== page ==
Dana Raigrodski, What Can Comparative Legal Studies Learn from Feminist Legal Theories in the Era of Globalization, 43 U. Balt. L. Rev. 349 (2014), https://digitalcommons.law.uw.edu/faculty-articles/405
What Can Comparative Legal Studies Learn from Feminist Legal Theories in the Era of Globalization
University of Baltimore Law Review
comparative law, feminist legal theory
This article re-examines the field of comparative law and comparative legal studies through the lens of feminist legal theories/studies (FLT). It suggests that lessons learned from the development of FLT and insights from shared epistemology and methodology within FLT can inform the ongoing controversies within comparative legal studies and provide comparative legal scholars and practitioners with the tools to maximize the benefits of comparative legal studies in the era of increasing global interdependence.
Part II begins by briefly reviewing key controversies and critiques within comparative legal studies. It highlights the debate on whether comparative law encompasses a substantive area of law or is merely a method of inquiry, to suggest that FLT's efforts to move beyond similar dichotomies can help comparative legal studies regain relevance both in theory and in practice. It raises the question of whether comparativists should focus on similarities or differences amongst legal systems and the problems presented by comparative law's struggle with the relationship between relativism/multiculturalism and universalism, especially in light of tensions between the "West" and the "Rest" and despite efforts to infuse comparative legal studies with attention to historical, social, and political contexts. Similarly, Part II highlights an area of more recent critique among comparativists regarding comparative law's traditional focus on private law areas. The article will argue in later parts that FLT deconstruction of binary dualisms such as similarity versus difference and private versus public can bring important insights to these concerns within comparative legal studies.
Part III offers a critical examination of comparative law's treatment of similarities and differences and brings to the forefront a discourse of the "Other." It relies on feminist and critical race theories' challenges to the social and legal construction of sameness and difference-challenges to the dichotomization of self and other-in order to assist comparative law in unpacking otherness. It calls on comparativists to recognize that similarities and differences are not mere observable facts but are to a large extent socially construed and more importantly, in the service of certain ideologies and political agenda. Part IV complements Part III by examining the essentialist and ethnocentric stance from which most comparativists have construed similarities and differences. It suggests that comparativists can negotiate both essentialism and relativism by adopting feminist approaches calling for consciousness-shifting and fluid positioning that intentionally sees the world from multiple points of view.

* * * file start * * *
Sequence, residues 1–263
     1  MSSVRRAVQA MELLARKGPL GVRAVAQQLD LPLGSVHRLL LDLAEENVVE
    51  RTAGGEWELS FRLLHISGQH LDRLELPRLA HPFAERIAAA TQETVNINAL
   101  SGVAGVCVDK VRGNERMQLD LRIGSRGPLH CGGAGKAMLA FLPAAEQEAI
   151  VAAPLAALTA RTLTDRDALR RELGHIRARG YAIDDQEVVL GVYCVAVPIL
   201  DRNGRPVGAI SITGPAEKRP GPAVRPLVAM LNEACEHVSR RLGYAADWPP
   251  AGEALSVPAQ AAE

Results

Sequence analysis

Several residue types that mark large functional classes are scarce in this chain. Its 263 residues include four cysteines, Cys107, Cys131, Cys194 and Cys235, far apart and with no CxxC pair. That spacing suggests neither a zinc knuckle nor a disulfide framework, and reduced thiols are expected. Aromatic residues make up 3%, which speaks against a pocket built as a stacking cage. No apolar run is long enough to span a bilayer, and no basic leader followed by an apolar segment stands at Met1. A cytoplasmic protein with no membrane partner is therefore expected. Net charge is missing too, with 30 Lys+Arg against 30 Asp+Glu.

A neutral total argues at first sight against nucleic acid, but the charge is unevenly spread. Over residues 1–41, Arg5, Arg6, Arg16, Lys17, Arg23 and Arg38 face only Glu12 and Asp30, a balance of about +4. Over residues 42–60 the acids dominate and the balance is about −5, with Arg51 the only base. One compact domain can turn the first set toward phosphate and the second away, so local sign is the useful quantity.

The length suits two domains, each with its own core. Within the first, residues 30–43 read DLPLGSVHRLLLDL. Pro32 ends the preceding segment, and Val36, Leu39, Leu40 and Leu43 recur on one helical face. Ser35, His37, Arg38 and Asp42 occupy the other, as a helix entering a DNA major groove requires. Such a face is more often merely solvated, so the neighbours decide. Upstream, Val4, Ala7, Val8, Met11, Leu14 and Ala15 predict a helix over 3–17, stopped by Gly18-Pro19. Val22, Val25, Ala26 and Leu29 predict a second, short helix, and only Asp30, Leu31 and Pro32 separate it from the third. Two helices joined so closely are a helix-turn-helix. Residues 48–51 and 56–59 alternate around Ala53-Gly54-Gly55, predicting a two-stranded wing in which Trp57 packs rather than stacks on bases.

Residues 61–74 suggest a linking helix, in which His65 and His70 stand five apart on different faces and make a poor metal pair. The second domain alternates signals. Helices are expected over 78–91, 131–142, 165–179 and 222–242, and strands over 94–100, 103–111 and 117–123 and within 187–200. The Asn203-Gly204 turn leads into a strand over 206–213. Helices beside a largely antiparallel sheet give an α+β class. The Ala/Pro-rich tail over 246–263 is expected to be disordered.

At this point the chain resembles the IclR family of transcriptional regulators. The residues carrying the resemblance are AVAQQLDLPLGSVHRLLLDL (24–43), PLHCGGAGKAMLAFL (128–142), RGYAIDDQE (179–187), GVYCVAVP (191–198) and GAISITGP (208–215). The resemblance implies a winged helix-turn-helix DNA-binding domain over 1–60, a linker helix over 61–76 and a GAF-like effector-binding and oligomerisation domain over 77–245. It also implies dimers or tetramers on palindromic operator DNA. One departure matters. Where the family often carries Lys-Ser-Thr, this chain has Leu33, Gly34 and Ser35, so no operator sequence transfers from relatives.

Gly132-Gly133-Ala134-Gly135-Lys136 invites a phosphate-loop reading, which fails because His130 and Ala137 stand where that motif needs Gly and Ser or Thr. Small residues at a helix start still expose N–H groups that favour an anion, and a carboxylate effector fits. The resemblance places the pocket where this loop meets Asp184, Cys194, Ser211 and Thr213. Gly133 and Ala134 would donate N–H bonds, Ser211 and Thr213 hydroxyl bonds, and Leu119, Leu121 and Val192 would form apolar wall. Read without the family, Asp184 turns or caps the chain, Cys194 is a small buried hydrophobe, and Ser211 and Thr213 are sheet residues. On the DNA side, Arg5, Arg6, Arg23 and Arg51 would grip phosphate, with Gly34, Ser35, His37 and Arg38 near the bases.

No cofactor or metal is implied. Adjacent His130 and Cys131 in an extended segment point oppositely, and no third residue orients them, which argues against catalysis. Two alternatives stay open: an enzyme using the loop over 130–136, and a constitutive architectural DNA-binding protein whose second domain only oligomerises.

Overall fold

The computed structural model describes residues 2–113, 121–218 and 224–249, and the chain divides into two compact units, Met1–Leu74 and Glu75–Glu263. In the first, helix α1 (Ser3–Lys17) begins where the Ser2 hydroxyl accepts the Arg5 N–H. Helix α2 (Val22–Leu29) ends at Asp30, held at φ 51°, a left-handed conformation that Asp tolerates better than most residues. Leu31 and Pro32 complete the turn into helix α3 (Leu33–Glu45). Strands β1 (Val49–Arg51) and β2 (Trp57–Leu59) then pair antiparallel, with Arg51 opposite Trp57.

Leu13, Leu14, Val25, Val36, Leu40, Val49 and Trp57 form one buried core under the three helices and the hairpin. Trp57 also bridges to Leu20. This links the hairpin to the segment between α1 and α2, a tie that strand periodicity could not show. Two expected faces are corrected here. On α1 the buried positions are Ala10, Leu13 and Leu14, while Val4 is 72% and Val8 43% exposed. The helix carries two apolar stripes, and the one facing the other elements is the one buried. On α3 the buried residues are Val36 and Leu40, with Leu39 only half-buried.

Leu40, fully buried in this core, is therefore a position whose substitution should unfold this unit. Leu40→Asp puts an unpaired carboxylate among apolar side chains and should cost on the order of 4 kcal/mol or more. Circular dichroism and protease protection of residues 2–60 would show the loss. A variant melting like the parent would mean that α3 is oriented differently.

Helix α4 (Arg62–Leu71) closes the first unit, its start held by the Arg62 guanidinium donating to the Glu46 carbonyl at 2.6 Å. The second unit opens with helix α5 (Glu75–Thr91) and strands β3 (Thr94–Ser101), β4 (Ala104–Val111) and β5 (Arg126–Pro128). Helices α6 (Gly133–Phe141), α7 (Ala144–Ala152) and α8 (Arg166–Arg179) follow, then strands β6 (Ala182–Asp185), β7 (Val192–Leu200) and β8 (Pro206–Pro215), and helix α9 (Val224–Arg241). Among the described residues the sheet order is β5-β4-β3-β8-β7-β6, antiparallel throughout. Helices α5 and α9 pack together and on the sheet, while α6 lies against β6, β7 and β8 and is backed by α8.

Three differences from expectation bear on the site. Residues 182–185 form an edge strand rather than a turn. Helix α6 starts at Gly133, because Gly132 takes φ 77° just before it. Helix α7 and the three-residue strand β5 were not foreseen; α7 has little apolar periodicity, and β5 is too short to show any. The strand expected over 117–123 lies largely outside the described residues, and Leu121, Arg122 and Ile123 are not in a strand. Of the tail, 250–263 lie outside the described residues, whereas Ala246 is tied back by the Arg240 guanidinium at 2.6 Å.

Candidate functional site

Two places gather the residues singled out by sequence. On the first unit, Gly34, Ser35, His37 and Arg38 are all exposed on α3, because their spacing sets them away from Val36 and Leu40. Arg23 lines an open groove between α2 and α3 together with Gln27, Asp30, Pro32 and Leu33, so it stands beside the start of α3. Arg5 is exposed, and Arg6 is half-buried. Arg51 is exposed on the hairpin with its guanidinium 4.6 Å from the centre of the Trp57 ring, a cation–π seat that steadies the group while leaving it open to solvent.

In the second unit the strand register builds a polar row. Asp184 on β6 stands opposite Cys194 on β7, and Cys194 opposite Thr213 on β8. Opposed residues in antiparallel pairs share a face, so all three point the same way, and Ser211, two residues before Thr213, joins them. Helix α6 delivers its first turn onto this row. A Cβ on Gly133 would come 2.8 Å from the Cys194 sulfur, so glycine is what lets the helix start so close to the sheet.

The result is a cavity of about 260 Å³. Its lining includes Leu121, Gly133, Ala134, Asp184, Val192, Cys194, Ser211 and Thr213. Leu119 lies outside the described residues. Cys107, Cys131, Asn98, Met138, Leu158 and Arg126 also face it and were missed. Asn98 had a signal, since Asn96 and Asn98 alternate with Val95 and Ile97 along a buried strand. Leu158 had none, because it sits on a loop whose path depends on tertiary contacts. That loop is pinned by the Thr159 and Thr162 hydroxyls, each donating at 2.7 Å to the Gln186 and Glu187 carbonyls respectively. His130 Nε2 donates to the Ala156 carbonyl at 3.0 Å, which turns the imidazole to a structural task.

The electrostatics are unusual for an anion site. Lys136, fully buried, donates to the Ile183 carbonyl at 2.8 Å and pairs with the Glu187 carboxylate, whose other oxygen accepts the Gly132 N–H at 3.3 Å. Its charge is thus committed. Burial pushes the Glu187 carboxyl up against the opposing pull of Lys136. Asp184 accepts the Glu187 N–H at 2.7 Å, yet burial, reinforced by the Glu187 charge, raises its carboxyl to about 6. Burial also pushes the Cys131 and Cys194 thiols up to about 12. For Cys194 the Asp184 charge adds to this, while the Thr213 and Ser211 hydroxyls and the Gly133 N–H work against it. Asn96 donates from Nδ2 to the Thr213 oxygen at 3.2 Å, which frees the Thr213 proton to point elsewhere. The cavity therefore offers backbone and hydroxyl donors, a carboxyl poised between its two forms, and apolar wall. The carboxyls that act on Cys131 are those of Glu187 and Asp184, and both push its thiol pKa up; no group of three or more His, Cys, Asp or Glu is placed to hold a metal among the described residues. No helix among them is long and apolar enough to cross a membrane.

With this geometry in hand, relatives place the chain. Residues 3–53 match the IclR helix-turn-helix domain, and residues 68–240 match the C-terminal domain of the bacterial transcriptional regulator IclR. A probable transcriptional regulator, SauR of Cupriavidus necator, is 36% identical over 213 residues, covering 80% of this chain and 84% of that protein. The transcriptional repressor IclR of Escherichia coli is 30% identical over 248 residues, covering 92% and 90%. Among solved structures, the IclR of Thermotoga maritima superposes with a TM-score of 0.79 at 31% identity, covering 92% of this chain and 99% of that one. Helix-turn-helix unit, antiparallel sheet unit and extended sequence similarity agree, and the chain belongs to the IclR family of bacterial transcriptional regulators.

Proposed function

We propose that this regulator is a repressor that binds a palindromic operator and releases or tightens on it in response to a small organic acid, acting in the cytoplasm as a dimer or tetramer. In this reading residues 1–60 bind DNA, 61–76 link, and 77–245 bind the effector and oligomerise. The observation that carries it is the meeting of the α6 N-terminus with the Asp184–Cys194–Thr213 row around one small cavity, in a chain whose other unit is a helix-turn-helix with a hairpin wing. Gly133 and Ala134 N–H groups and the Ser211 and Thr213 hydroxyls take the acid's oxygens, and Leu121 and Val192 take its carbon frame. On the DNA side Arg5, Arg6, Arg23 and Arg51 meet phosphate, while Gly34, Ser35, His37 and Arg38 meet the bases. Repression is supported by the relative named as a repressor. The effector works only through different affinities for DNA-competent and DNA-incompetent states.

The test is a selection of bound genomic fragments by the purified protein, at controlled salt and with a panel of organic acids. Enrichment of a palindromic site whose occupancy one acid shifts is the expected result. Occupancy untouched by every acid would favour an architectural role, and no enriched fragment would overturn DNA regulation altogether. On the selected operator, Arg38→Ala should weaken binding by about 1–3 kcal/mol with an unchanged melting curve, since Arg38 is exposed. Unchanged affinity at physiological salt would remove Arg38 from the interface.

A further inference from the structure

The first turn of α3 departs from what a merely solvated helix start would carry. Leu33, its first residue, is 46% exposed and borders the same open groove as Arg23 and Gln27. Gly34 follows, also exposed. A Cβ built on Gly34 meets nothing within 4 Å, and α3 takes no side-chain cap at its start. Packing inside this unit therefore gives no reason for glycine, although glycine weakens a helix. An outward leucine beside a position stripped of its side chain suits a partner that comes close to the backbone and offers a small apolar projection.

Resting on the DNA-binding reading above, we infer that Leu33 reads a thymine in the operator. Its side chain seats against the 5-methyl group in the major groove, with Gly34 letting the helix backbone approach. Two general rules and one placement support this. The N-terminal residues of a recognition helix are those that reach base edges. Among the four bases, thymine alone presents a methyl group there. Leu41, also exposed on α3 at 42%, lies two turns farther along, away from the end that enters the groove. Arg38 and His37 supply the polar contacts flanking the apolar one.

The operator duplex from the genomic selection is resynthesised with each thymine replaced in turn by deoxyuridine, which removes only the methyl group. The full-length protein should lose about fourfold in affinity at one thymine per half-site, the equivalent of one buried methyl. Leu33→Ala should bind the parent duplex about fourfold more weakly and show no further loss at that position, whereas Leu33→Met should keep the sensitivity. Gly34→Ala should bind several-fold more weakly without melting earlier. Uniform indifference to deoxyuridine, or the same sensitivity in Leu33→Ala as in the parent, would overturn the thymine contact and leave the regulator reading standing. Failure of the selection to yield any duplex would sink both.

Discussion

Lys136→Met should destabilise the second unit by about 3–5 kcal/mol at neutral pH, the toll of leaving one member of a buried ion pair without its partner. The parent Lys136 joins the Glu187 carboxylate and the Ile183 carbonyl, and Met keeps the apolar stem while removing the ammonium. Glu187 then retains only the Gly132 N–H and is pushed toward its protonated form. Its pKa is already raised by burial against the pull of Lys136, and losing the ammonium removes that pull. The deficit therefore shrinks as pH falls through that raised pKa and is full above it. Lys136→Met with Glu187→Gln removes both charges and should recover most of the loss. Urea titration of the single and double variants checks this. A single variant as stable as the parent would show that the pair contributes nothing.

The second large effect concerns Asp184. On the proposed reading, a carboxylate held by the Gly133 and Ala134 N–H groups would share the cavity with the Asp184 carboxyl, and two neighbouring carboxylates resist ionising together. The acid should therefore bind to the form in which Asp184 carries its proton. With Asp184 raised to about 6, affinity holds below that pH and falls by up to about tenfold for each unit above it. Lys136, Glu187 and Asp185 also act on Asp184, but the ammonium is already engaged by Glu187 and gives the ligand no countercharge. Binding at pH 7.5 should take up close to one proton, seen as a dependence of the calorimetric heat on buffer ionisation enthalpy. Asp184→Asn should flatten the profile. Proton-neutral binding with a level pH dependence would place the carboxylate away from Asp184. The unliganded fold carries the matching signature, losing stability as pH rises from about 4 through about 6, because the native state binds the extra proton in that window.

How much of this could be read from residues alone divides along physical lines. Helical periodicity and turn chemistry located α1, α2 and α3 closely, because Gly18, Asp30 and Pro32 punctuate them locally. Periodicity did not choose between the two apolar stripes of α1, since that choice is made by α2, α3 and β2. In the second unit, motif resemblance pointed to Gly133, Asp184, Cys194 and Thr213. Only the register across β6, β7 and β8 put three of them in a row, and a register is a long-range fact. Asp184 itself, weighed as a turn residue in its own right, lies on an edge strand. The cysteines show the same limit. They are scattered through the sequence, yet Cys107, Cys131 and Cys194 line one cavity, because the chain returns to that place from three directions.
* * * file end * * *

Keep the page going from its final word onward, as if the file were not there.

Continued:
Part V consequently offers a broader critique of the stance of universal objectivity that comparative law often presupposes and perpetuates, and builds on feminist jurisprudence about the production of knowledge and objectivity as epistemology. It challenges the dichotomy between knowledge (substance) and how we come to know (methodology/epistemology) and exposes its connection to oppressive male power and ideology. It suggests that comparative work can benefit greatly from a critical attitude towards alleged universal categories and claims to authenticity by questioning the neutrality of the comparison and by taking account of the impact of the self and the observer's perspective and experience on our comparisons.
Finally, Part VI calls for acknowledging comparative law as political practice, whether in the ways in which it "finds" similarities and differences and uses them to legitimize certain legal frameworks, or in the ways in which it construes and perpetuates private law, the distinction between private and public, and law in general as apolitical, non-ideological, and divorced from power structures within society. It uses FLT's explicit discourse of law as political practice, as an ideology of power, to call on those engaged in comparative legal studies and in comparative projects to be self-critical and recognize the power relations involved, whether we engage in harmonization and rule of law projects or in the seemingly mere intellectual projects of understanding and migration of ideas and legal concepts.